The Thrill of Prospecting!
The pursuit of gold fascinates men. Man has been attracted to gold for quite some time now. Prospecting for gold is a popular recreational activity today; although it wasn’t always the case. Gold prospecting was serious business once even for individuals. The most memorable case in point being the California gold rush of 1848. Empires and fortunes have been built and lost over gold. Of course there was a time when silver and even salt were more expensive than gold.
Prospecting for gold gives us a chance to get out into the wild outdoors and explore nature. And then there is the thrill of your pan yielding a nugget when you are least expecting it.
People prospect for gold because it’s out there waiting to be found. The dense yellow metal attracts with its property of ductility and malleability. An ounce of gold can be beaten into a wire that is 80 km long and you can flatten it to give you a sheet that is nearly 100 sq ft in area. Gold can be designed, hammered, and cast into intricate shapes. Gold retains its luster and beauty indefinitely. And yes, you can exchange it for very good money.
Where to Find Gold
Streams are the most popular locations for gold prospecting. Gold deposited on stream beds is known as placer gold. Undammed streams in a mineral-rich area are the best bet for gold hunters. Black sand usually signifies a mineral-rich place; so if the beach in your town has black sand, read on!
During spring floods, the water should fall from sufficient height for the minerals including gold to be churned and deposited when the flood waters recede and the stream slows down. Areas where placer gold settles are known as pay streaks. The insides of stream bends and the downstream side of obstacles such as boulders and tree stumps are places where pay streaks are found.
In America there are many states in which the streams and rivers have yielded and continue to yield a lot of placer gold. These states include Alaska, Arizona, Arkansas, California, Colorado, Florida, Idaho, Louisiana, Mississippi, Montana, Nebraska, Nevada, New Mexico, North Dakota, Oregon, South Dakota, Utah, Washington, and Wyoming.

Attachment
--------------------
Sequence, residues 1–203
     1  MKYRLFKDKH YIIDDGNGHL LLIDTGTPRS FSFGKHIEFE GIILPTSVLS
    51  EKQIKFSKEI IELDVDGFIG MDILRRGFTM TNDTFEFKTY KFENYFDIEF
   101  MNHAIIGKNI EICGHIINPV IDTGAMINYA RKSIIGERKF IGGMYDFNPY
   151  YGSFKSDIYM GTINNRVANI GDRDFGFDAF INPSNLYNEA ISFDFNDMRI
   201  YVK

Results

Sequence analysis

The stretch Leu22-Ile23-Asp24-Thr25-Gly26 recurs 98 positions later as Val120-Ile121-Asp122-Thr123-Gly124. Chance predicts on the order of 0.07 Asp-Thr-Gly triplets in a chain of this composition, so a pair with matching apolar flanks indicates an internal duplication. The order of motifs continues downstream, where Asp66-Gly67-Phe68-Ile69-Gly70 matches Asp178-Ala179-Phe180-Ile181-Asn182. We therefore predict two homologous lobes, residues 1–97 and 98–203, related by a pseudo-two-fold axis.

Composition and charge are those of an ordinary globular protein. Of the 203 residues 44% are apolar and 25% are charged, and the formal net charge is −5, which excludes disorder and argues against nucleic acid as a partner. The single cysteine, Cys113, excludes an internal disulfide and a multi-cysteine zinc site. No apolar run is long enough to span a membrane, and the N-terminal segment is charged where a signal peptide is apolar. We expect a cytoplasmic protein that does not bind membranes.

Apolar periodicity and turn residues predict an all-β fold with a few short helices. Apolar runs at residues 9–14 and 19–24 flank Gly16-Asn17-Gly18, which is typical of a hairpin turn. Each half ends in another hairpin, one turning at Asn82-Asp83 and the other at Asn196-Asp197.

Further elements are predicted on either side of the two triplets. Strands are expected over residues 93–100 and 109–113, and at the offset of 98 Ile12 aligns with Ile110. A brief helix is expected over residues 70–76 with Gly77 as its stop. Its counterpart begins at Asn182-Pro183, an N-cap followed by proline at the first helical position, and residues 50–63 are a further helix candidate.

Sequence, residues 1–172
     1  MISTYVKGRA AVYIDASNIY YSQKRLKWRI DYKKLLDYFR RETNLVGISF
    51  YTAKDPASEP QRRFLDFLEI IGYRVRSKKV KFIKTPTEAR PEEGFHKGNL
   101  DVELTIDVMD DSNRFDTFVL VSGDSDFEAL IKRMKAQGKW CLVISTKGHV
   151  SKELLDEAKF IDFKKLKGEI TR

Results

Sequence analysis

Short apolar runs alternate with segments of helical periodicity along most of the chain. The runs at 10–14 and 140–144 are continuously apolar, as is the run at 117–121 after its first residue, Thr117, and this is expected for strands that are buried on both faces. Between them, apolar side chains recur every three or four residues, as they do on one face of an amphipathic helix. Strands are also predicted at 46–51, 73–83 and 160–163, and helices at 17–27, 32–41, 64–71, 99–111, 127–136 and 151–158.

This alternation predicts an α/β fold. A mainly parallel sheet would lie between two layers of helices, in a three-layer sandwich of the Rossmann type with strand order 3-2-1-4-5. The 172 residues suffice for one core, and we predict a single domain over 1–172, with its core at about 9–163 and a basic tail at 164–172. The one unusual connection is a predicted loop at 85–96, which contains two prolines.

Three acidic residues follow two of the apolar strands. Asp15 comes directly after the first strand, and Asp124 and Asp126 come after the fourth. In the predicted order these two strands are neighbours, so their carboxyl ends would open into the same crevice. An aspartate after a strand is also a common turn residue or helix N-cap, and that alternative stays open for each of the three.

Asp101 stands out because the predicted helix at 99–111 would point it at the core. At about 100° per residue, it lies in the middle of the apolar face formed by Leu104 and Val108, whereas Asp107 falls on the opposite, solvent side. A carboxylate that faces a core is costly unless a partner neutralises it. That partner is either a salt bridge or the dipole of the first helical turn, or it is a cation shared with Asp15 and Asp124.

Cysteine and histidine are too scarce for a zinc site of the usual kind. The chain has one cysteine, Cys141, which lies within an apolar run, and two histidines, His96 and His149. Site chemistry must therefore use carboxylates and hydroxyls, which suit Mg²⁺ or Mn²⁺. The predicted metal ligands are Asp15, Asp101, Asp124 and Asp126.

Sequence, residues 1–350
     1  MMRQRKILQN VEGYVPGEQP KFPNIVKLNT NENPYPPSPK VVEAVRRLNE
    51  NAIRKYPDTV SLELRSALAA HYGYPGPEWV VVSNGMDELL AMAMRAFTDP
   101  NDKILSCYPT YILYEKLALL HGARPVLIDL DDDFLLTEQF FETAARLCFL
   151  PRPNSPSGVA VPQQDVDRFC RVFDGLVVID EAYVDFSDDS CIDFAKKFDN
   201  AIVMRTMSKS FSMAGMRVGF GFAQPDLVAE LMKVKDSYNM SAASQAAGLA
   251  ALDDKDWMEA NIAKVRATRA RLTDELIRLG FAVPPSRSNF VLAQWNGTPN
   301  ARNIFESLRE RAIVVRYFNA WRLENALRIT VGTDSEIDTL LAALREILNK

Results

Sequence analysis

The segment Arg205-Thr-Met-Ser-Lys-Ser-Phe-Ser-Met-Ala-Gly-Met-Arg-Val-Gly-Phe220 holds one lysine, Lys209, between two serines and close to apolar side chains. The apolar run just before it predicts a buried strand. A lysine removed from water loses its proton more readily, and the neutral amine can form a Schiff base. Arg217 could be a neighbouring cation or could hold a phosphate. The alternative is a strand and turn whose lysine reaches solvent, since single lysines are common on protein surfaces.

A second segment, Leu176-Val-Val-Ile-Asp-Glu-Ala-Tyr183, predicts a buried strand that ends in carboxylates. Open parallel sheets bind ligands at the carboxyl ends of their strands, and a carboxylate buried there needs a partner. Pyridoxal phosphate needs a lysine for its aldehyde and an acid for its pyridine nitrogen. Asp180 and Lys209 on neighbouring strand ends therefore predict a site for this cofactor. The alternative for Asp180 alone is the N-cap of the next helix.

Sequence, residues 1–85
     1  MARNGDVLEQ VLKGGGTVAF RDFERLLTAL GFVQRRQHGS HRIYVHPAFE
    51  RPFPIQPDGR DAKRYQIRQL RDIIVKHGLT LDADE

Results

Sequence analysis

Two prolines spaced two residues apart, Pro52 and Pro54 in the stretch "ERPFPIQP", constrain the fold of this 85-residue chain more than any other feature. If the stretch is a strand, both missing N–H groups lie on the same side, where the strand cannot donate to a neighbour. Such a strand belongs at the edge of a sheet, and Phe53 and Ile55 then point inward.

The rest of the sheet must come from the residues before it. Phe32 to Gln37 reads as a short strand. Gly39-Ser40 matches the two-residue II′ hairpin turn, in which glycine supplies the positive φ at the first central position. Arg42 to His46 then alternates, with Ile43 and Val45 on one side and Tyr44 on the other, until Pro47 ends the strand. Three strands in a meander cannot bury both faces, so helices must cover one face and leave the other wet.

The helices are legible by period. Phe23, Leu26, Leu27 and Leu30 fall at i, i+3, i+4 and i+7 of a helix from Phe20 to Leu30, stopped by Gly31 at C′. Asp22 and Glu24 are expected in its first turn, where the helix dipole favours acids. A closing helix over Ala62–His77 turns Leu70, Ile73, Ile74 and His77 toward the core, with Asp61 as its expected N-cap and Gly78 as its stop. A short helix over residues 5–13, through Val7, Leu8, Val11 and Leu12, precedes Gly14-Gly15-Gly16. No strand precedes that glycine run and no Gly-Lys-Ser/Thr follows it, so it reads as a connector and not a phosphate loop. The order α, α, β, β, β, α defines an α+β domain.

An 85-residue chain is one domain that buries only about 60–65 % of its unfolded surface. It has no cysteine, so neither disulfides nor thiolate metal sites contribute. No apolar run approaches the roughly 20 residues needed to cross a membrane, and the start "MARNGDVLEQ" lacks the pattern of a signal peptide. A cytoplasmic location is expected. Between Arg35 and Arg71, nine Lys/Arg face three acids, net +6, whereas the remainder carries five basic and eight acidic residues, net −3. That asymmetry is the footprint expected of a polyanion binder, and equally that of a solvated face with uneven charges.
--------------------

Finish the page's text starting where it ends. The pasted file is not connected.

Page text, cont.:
Gold is also found in the solid rock in which it was deposited. This is lode gold. In the US most of the rocky outcrops containing lode gold have been thoroughly examined. Some understanding of the geological nature of rock that can contain gold is very useful.
How to Pan for Placer Gold
The classic prospecting image is of a weather-beaten man with a gold pan and shovel. The equipment required to prospect for placer gold is inexpensive and easy to obtain. You need a small bottle to store the gold; something like a long pick, trowel, and spoon to clear crevices; a bucket to carry your tools in and also to remove sand while prospecting; a shovel; a magnet; and of course a gold pan.
Panning for gold is all about having some information and imagination. The best places to look for gold are rocks and bends in the river that are above the mid-summer water level. These are the spots where the slowing spring water will deposit its load. Fill the pan up to two-thirds capacity with the material gathered. Rinse the material to discard the less dense dirt and organic matter. At the end of the process, if you’re lucky you will find grains of gold.
Other Prospecting Techniques
Metal detecting a commonly used technique by prospectors. Sophisticated Pulse Induction metal detectors can unearth single grain nuggets at a depth of one inch and can locate nuggets the size of half-dollar coins at a depth of eleven-twelve inches.
Loaming is a technique used to test soil samples for gold and then trace a path to the gold deposit. If you have the resources you can add geochemical techniques to loaming and try to determine if the soil beneath the surface is auriferous.
Quartz is the most abundant mineral in the Earth’s crust and quartz veins are a rich source of gold. Prospectors can try their luck with exposed quartz veins; particularly the ones that are difficult to access and hence have hopefully escaped notice.